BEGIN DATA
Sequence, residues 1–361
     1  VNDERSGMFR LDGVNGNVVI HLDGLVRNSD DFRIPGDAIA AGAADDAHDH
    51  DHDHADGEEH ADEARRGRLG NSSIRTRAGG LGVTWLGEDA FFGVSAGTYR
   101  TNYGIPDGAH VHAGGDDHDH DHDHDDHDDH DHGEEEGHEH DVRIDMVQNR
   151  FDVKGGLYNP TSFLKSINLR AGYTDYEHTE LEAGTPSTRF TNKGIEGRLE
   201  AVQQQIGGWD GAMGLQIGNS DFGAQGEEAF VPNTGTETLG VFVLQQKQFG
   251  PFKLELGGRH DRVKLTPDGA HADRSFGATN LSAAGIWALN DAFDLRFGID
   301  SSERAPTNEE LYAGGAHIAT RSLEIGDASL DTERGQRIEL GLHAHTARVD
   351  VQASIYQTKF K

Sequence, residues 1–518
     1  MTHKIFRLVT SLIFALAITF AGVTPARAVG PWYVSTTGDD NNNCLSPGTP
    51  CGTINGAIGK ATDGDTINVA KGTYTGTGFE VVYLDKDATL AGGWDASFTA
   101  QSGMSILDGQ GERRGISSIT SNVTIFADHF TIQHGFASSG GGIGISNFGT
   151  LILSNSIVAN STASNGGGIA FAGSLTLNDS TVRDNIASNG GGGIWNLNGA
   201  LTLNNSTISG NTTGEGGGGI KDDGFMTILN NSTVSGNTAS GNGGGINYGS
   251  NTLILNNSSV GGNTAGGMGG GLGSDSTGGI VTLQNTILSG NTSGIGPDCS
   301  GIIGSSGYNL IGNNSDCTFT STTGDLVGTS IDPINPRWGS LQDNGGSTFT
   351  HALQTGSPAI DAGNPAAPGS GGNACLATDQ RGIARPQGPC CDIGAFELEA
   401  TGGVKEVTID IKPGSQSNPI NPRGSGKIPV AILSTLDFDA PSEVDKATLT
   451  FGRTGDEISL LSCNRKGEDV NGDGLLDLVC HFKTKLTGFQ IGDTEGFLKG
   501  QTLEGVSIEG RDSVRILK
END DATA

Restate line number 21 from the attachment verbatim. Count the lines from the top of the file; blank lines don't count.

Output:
   501  QTLEGVSIEG RDSVRILK